One of the many questions that I get asked by clients is “how do I work out my sales growth?”
Fear not, the answer is much easier than you might think.
Firstly, lets look at why sales growth, as a key element of business growth, is important:
The Importance of Sales Growth
Fundamentally there are two ways to increase your profits:
1) sell more product/services
2) reduce costs
The reality is that many businesses will actually have to do combinations of both, but put simply that’s how you do it; increase sales or reduce costs.
Sales growth is important to know for a number of reasons:
1) the general health of your business
2) identify whether you are hitting your targets
3) demonstrate to investors (or the bank) that your business is successful
When looking at your sales growth you should always ask yourself is whether it is:
Consistent, Profitable Sales Growth
Sales growth needs to consistent and profitable – in that order. Sales growth needs to be consistent – because you need to be able to manage the growth of your business. Your business won’t be around for long if your sales double one year, then halve the next. It will take vast amounts of cash to scale your business quickly when it doubles and take too long to reduce costs when your business halves. Growth needs to be manageable.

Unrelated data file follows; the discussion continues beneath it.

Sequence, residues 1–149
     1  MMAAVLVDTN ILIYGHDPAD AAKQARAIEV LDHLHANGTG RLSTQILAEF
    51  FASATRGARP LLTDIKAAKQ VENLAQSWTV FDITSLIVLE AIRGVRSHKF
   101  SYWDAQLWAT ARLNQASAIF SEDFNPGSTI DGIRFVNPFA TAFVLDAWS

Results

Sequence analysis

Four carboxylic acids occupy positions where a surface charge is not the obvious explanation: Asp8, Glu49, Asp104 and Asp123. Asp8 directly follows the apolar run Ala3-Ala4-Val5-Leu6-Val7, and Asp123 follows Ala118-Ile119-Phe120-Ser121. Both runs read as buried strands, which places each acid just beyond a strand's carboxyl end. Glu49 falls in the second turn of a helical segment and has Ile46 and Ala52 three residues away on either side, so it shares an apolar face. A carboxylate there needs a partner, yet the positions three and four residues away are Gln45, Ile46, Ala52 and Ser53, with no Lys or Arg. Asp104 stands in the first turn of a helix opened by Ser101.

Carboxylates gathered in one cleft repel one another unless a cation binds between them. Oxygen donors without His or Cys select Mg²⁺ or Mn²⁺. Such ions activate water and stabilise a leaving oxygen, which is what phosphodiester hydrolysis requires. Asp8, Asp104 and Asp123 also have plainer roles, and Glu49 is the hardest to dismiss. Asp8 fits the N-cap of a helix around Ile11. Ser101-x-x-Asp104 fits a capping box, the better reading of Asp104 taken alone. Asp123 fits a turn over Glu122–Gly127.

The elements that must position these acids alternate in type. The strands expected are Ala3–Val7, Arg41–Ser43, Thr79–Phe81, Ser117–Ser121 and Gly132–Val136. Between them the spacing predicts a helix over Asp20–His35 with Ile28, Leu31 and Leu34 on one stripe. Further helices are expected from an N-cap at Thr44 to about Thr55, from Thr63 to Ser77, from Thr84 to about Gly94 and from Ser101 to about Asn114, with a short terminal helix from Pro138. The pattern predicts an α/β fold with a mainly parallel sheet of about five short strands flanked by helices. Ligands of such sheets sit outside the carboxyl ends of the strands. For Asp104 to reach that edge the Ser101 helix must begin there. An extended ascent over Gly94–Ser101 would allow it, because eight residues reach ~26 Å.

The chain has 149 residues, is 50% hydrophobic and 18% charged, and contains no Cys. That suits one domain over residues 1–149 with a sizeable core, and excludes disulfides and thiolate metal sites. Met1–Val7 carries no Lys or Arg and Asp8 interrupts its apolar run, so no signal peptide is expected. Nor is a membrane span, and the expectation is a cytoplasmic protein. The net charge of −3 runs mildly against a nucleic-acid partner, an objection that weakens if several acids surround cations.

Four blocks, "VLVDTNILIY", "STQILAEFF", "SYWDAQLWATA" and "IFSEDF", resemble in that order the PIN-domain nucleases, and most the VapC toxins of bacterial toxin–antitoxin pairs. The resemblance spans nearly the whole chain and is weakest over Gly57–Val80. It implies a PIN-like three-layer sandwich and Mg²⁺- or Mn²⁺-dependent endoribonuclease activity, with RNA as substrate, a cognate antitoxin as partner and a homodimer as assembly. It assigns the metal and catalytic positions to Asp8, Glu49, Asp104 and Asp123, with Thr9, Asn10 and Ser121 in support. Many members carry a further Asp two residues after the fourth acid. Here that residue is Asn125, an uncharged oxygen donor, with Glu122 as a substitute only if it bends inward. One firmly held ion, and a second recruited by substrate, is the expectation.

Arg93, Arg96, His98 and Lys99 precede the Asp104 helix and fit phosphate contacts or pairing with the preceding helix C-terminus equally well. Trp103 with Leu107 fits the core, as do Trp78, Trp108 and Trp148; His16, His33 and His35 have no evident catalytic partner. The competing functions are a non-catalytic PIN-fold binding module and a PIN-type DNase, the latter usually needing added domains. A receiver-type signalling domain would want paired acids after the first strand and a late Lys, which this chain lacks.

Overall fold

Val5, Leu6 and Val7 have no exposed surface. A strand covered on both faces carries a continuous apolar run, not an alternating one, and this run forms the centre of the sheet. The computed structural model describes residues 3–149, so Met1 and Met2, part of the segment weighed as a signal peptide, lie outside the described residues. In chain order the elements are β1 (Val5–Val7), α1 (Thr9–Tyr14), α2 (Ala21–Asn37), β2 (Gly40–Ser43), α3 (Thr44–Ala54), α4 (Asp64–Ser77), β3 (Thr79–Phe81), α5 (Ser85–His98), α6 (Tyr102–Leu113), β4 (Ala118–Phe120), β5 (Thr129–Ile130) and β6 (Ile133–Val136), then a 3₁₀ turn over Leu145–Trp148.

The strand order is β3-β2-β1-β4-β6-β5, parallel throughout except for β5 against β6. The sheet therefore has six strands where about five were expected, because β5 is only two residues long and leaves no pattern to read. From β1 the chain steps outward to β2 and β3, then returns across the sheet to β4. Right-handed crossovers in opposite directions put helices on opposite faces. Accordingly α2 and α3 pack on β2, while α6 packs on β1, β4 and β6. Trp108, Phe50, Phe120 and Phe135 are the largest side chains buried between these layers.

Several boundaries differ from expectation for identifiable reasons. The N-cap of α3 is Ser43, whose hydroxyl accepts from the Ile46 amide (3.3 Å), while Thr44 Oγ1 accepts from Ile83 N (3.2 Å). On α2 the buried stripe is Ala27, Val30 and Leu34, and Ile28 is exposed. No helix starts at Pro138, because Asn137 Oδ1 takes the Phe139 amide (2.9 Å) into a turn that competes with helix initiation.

If you’re looking for investors then you want to be able to give them the confidence that your business is growing and your sales numbers don’t look like an outline of the French Alps.
Sales growth also needs to be profitable. It is no good selling more of your products if you loose money on every item that is sold (this may be ok for a promotion, but long term it is not) otherwise your business will only be around for as long as you have cash.
Calculating Sales Growth
To calculate sales growth you need to know two things:
1) What are the sales for the previous period you want to compare with
2) What are the sales for the current period you want to compare to
The most common comparison is comparing this year to last year, or month vs month eg September last year with September this year, but the formula will work for whatever period you want to compare.
There are 3 steps:
- Take the current period subtract the previous period (the cash difference)
- Then divide the outcome by the previous period and
- Then multiply the answer by 100 (to convert to a percentage)
If your answer is positive, congratulations, you’ve got sales growth – but is this what you were expecting?
If your answer is negative, do you know why? – what can you do to address this?
Here’s a picture of the calculation:
Current period: £10,000
Previous period: £8,000
(10000-8000) = £2,000
Divide by £8,000
Multiply by 100